In the battle for Florence contact was made by 2nd New Zealand Division for the first time with Tiger tanks in any number. The following are several of the New Zealand antitank gunners' experiences in combating Tiger tanks of special interest during the Battle of Florence. The events described are from the fighting by the 2nd New Zealand Division to capture the Paula Line which was defended in part by the s.Pz.Abt. 508 equipped with the Tiger I. These events were reported in the January 1945 issue of the Intelligence Bulletin:

  1. A Tiger was observed about 3,000 yards away, engaging three Shermans. When it set one of the Shermans afire, the other two withdrew over a crest. A 17-pounder was brought up to within 2,400 yards of the Tiger, and engaged it from a flank. When the Tiger realized that it was being engaged by a high-velocity gun, it swung around 90 degrees so that its heavy frontal armor was toward the gun. In the ensuing duel, one round hit the turret, another round hit the suspension, and two near-short rounds probably ricocheted into the tank. The tank was not put out of action. The range was too great to expect a kill; hence the New Zealanders' tactics were to make the Tiger expose its flank to the Shermans at a range of almost 500 yards, by swinging around onto the antitank gun. The Tiger did just this, and, when it was engaged by the Shermans, it withdrew. The enemy infantry protection of half a dozen to a dozen men was engaged by machine guns.
  1. At the junction of a main road and a side road, a Tiger was just off the road, engaging forward troops in buildings. Another Tiger, about 50 yards up the side road, was supporting the first. A field-artillery concentration was called for. It appeared to come from one battery only. Although no hits were observed, both Tigers withdrew.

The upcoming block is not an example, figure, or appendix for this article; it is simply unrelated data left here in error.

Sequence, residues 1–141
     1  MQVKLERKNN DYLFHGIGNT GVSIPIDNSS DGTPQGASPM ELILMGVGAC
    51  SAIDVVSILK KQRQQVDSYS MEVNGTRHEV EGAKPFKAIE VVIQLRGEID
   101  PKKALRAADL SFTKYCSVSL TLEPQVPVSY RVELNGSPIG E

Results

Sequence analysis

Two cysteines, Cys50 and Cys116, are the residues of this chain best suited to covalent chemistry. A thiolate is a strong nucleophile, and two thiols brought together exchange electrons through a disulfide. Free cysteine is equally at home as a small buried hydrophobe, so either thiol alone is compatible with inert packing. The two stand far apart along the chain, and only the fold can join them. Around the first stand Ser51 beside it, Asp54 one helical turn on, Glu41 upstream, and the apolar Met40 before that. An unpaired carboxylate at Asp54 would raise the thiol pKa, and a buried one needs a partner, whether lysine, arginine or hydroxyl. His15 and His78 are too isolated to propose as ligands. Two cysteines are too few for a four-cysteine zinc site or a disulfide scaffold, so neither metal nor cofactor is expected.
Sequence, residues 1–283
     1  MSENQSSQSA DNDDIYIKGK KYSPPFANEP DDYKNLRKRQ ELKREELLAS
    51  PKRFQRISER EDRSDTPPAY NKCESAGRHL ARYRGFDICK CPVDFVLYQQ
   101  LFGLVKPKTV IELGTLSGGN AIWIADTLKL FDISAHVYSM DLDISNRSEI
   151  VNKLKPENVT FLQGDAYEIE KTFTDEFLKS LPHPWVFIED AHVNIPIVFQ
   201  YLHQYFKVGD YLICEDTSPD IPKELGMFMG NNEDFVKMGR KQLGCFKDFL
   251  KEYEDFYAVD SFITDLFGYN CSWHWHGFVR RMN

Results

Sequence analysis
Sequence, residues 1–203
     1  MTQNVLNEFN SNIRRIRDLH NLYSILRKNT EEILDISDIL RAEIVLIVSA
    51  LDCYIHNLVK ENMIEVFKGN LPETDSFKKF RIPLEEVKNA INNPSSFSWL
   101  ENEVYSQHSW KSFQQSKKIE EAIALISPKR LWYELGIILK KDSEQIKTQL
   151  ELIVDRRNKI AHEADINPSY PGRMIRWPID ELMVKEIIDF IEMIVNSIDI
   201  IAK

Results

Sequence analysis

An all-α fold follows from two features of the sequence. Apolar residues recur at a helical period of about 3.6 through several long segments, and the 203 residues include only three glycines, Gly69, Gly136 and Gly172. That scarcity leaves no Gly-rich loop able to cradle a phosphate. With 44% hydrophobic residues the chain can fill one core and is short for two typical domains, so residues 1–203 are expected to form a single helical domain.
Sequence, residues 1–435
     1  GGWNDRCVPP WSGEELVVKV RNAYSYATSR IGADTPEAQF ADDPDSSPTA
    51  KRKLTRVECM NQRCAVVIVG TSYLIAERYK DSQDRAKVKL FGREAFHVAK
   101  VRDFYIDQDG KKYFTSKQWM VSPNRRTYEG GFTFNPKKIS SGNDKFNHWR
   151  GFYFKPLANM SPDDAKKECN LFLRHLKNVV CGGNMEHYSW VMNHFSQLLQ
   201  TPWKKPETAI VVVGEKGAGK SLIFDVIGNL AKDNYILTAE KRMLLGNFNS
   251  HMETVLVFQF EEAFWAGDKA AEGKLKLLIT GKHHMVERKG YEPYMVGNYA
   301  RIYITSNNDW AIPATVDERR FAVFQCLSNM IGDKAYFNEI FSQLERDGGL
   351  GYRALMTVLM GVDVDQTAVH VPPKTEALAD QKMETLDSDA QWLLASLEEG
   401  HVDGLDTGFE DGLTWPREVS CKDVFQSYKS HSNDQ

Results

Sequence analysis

1. A Tiger on a ridge was engaged by what appeared to be a battery of mediums. After the first few rounds had fallen, the crew bailed out. (It is not known why.) Shortly afterward, while the tank still was being shelled, a German soldier returned to the tank and drove it off. About 10 minutes later, the remainder of the crew made a dash along the same route their tank had taken.
  1. A tank hidden in the garage of a two-story house ventured out for about 20 yards, fired a few harassing rounds, and returned to its shelter. Many hits on the building were scored by 4.2-inch mortars firing cap-on, but little damage was visible. Each night the tank was withdrawn from the area, even though it was in an excellent concealed position and was protected by infantry. Later the house was examined. Although it had suffered appreciable damage — and there were several dead Germans about there was no evidence that damage had been done to the tank itself.

Looking along the turret of the first Tiger Tank to be knocked out by New Zealand tanks, during the advance to Florence [DA-06426, Via]

Tiger and Sherman tanks just before entering Florence [DA-14337-F, Via]

Tracks of a German Tiger tank which fell to the guns of the New Zealand Armoured Regiment during the advance towards Florence, 1944 [PA1-Q-300-3126, Via]

This NZ Sherman tank was knocked out by the German Tiger [tank], which was destroyed in turn by a 'stonk' from the guns of NZ Div Arty [DA-06510-F, Via]

The first German Tiger tank to be knocked out by NZ tanks during World War II. It fell to the 18th NZ Armd Regt during the advance to Florence, Italy [DA-06424-F, Via]

The first German Tiger tank to be knocked out by NZ tanks during World War II. It fell to the 18th NZ Armd Regt during the advance to Florence, Italy [DA-06427-F, Via]

Two wrecked World War II tanks outside the villa Sfacciata, on the road between Giogoli and Galuzzo, south of Florence, Italy. Shows a German Tiger tank from schwere Panzer-Abteilung 508, and a New Zealand Sherman tank, probably from 20th Armoured Regiment. Photograph taken on 4th August 1944 [Via]

German Tiger tank photographed in Italy during the Second World WarNote on back of file print reads: `one of the Regiments first actions in Italy - 18 NZ Bn' [Via]

Knocked out German Tiger Tank [Via]

German Tiger Tank [Via]


1945-01 Intelligence Bulletin Vol 03 No 05 - by United States. War Department | | | | Blood and Steel: The Wehrmacht Archive, Normandy 1944. Donald Graves, 2013
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